Α report on Greek media literacy public policy by Irene Andriopoulou, Secretariat General for Media & Communication. Reproduced from «Media & Learning News», January 2017
Media literacy policy from a public perspective is a long overdue and complicated issue in Greece. For years until the beginning of the 21st Century, it remained mostly under the academic umbrella as a theoretical school of thought about media. However, gradually it became clear that it is a public engagement responsibility that (should) involve actors from both the public and private fields, focusing on the emerging behaviorial patterns of users-consumers-producers that are multiplexed with the media industry.
Nowadays, with media convergence and especially with social media being in the spotlight, media literacy is spread over various thematic areas: from critical thinking against a consumerist, popular culture to news literacy, and from content creation and digital media to new platforms of expression and aesthetic norms (film literacy, digital storytelling, active citizenship), thus acquiring a strong civic identity through offering an “open voice” to all citizens.
At the moment the media literacy policy agenda is mainly pursued by two public policy entities: the Ministry of Digital Policy, Telecoms and Media mainly through the Secretariat General for Media & Communication, and the Ministry of Education, mainly through the Educational Radiotelevision Dept. The Secretariat General for Media & Communication has as a main duty the promotion of audiovisual and media policies in Greece and the EU and therefore approaches media literacy as a lifelong learning skill within digital inclusion for all citizens. It monitors the regulatory framework, such as the recent revision of the AVMSD Directive, as well as advocating for coand self-regulatory actions, making it a public necessity for broadcasters and media service providers. In this context, the Secretariat acts as national “intermediary” to the EU community (EC, CoE) through various working groups on media (EU Presidencies, EC Media Literacy Expert Group, CDMSI) as well as interacting with key media stakeholders, such as UNESCO, OECD and regulatory bodies, contributing to the formation of a sustainable EU policy and legislature agenda.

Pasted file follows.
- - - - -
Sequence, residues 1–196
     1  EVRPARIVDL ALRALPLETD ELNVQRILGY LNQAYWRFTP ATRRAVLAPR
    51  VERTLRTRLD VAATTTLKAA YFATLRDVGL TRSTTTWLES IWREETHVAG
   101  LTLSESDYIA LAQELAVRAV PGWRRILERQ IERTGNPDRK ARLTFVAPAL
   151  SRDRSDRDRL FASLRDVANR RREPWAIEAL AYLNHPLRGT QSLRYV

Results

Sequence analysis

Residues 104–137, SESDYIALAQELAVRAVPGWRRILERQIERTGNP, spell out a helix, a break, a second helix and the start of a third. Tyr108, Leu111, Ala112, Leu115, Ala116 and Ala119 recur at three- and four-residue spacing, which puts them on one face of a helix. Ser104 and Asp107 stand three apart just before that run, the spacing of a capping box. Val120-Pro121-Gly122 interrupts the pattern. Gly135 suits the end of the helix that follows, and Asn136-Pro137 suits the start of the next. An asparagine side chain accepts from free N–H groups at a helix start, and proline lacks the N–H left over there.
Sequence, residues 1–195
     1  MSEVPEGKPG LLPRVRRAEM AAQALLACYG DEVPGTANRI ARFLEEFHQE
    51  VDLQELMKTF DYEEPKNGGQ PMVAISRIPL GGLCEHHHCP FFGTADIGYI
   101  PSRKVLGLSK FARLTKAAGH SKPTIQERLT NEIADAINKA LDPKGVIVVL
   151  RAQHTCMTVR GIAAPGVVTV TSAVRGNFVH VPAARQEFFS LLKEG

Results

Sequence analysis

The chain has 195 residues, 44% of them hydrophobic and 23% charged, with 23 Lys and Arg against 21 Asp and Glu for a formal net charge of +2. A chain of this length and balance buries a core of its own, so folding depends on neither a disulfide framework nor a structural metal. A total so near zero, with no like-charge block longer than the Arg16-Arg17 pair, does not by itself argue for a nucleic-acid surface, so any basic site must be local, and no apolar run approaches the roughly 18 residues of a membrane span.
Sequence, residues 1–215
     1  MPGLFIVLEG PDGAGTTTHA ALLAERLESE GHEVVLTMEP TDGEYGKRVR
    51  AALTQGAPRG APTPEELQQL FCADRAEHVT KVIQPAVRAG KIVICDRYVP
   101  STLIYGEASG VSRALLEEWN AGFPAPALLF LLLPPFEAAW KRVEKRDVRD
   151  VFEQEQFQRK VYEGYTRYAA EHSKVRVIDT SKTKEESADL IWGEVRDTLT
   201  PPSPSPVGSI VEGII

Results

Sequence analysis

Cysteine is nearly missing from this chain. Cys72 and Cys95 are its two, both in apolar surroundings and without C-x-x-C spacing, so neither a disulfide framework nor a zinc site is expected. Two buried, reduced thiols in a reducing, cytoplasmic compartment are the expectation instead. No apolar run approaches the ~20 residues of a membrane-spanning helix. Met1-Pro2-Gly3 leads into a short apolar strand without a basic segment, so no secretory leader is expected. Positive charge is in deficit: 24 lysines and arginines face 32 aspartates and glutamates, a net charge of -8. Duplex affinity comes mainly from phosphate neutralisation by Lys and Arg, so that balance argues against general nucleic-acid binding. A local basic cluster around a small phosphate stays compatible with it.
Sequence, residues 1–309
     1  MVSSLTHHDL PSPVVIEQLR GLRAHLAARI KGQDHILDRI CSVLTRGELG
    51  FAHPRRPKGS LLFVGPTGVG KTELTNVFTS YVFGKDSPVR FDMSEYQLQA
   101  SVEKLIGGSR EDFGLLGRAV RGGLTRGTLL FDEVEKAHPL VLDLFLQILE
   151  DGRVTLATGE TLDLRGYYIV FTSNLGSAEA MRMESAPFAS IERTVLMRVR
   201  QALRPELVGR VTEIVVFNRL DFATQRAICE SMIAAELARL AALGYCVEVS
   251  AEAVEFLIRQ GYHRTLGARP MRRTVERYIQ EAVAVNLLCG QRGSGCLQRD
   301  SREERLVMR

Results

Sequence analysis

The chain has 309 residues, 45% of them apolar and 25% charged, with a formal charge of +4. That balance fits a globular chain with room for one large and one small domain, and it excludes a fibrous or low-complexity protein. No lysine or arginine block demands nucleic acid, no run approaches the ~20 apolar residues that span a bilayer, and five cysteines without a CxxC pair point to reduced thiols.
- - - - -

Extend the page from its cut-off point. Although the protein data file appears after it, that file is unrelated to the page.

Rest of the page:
Additionally, it is also member of media and information literacy networks, such as UNESCO GAPMIL (Global Alliance of Partnerships on Media & Information Literacy) and GAMAG (Global Alliance on Media & Gender), as well as the NORDICOM Clearinghouse, trying to gain a global overview on media and information literacy.
The Ministry of Education approaches media literacy within the context of typical education and school skills. Media literacy is not identified as an autonomous object of study but mainly as a cross-curricular, interdisciplinary subject and within ad hoc school projects. In 2016 there has been an invigorated public discourse for integrating media literacy into the curriculum, within the public consultation that was launched on the total school reform.
Among other cognitive fields, media and digital literacy was put forward for inclusion into the new curriculum, recognising the powerful, shaping note that media plays in student’s lives today. However, no further plans have been unveiled thus far for an autonomous integration into Greek schools. In parallel, the Educational Radiotelevision – Edu.TV, the official department of MinEdu, is quite active in practicing media literacy for both educators and students.
Through a multitude of projects and synergies, such as MEDEANET, the European School Radio, student’s film competitions, prizes and awards, training workshops on new media and online material, Edu.TV has elaborated a dynamic presence encompassing media with digital literacy and ICT.
In addition in 2016, Edu.TV launched an agreement with the public service broadcaster, ERT SA, on the production of joint educational broadcasting programs for children, a project that falls under the 3rd parameter of the EU definition of media literacy, that of content production and media use for communicative and social competencies.
By and large, there is an increasing emphasis on media literacy in Greece from a pluralistic point of view highlighting the social notion of critical media literacy, linked with active citizenship and strong democratic societies. Having said that, media literacy has improved significantly in recent years with an active presence on the national and international scene (many awarded projects from public and private entities) from a multilateral perspective. This means that we can be optimistic for a “media conscious” future with multiplying effects for all citizens.